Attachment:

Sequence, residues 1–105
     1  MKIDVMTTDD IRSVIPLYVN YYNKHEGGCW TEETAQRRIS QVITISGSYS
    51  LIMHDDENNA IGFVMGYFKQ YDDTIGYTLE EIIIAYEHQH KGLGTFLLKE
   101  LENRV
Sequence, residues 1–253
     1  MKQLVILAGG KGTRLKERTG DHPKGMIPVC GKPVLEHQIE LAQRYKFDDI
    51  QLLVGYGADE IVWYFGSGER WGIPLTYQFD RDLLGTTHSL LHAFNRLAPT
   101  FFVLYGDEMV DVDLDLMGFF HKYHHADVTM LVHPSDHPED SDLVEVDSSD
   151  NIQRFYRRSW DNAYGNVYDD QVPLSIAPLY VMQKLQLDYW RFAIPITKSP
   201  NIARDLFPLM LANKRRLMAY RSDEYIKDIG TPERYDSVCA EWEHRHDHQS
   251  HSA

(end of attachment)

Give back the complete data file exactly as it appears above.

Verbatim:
Sequence, residues 1–105
     1  MKIDVMTTDD IRSVIPLYVN YYNKHEGGCW TEETAQRRIS QVITISGSYS
    51  LIMHDDENNA IGFVMGYFKQ YDDTIGYTLE EIIIAYEHQH KGLGTFLLKE
   101  LENRV
Sequence, residues 1–253
     1  MKQLVILAGG KGTRLKERTG DHPKGMIPVC GKPVLEHQIE LAQRYKFDDI
    51  QLLVGYGADE IVWYFGSGER WGIPLTYQFD RDLLGTTHSL LHAFNRLAPT
   101  FFVLYGDEMV DVDLDLMGFF HKYHHADVTM LVHPSDHPED SDLVEVDSSD
   151  NIQRFYRRSW DNAYGNVYDD QVPLSIAPLY VMQKLQLDYW RFAIPITKSP
   201  NIARDLFPLM LANKRRLMAY RSDEYIKDIG TPERYDSVCA EWEHRHDHQS
   251  HSA